I love this about history because it means that we, making history, don’t have to be exceptional. Our normal muddling along is the fundamental building block of all recorded history. So go ye forth and muddle; you have the company of queens.

Inauspicious morning

1. It is snowing.

2. It is April 20th, and it is snowing.

Veronique is Visiting from Paris

I got a message in the mail yesterday, a story from another world. In this story Paris is more exotic than Barsoom, than Oz, and the bewildered Eugene must somehow accept that his guest, Veronique, has been there.

Veronique is Visiting from Paris is a short story told in twelve short chapters. It is the collaborative product of photographer Kyle Cassidy and writer Elizabeth Bear. You can buy the story here. The chapters are short because each is written on a postcard, the front of the postcard showing a scene, a moment, from Eugene and Jess’s life with Veronique.

Here’s an example:

(Image found at Kyle Cassidy’s journal, here.)

I said on Twitter yesterday that this fills the Gaiman/McKean void in my life, and I should explain that here. I first found out I like Creepy Art, unsettling art that makes you wonder if you can trust your senses, through the collaborative works of Neil Gaiman and Dave McKean. I would study the covers to the comic book Sandman, stare at them for long moments wondering what the hell was going on in the frame. I loved Mr. Punch, loved Black Orchid. I loved, though that’s an odd word to use, McKean’s collaboration with Grant Morrison on Arkham Asylum.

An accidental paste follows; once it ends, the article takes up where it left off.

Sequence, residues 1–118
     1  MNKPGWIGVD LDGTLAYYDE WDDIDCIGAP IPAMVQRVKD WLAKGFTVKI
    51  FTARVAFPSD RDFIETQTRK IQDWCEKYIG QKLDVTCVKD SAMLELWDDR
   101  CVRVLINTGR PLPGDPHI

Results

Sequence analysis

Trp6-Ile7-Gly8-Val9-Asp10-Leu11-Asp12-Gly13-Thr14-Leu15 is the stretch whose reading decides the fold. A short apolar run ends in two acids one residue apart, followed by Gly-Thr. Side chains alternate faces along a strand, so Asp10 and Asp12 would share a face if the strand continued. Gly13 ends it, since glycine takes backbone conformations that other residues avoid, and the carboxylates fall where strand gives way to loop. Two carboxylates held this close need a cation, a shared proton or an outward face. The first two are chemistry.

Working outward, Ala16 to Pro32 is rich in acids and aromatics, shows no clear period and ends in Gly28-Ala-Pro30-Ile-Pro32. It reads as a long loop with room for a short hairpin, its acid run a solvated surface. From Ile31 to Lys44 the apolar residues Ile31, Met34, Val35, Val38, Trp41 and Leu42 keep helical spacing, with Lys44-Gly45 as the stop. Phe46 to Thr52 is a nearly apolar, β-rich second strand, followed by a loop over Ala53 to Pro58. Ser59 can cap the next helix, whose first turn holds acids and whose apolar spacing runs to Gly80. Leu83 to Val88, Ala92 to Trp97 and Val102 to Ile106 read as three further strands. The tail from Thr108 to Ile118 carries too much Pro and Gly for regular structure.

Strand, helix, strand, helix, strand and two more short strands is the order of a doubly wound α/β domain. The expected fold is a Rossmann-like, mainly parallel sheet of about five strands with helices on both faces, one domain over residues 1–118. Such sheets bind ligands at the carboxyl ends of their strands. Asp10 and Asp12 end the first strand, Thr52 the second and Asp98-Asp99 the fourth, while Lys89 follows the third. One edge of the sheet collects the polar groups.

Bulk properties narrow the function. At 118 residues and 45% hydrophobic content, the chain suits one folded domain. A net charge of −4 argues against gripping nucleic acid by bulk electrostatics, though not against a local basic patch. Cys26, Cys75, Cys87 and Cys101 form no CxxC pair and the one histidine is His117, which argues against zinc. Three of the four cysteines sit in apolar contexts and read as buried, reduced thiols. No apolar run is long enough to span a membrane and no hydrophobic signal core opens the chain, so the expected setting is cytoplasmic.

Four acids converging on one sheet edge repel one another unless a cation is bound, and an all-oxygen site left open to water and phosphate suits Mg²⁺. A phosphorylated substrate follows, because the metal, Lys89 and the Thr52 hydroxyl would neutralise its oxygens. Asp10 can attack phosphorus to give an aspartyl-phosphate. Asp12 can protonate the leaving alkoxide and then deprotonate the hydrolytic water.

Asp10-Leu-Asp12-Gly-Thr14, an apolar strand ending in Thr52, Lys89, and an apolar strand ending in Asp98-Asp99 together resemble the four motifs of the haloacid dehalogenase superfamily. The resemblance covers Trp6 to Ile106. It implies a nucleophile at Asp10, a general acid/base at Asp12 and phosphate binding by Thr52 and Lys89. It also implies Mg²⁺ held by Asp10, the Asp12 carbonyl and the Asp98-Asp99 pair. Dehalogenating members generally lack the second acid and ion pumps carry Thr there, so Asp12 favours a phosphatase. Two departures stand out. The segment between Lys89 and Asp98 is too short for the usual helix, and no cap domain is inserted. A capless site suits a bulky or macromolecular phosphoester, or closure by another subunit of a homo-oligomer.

In all of these cases I studied the art, trying to figure out the meaning of the story. The words were not enough. In classic Claremont X-Men stories you could read the words and largely ignore the pictures and still get the story. You would be missing details but it would be comprehensible. In the McKean stuff, or the Bill Sienkiewicz work in New Mutants or Elektra: Assassin, that was impossible. The pictures commented on the text as much as the text narrated the pictures. I would go back and forth between the two searching for meaning. And always with the sense that, if I held the image just right, I could see what was really going on just out of sight.

Veronique is like that.

Nothing overtly terrible occurs in this tale. Yet there is something lurking, looming, just out of sight in each chapter. Something Veronique assures Eugene he does not want to understand. I keep going back to each photo, each postcard, studying the image and flipping it over to read the text. Unlike Eugene, I do not want to know how Veronique is doing this, or how she got here. I’m looking for the information that will prevent her from ever visiting me. Yet some small part of me, the part which is not a rational adult sitting in a well-lit break room at work with other people, worries that my continued inspection will reveal some terrible answer I don’t want to know.

You see, Veronique is Visiting from Paris is a new version of the classic, classic warnings. Don’t make wishes. Don’t give the Other Folk your real name. Don’t bargain with angels. If you want a life of safety and security and mundanity, then when the crazy girl says you don’t want to see what she sees, stop trying.

I loved this story. Again, you can buy the story here. I highly recommend it.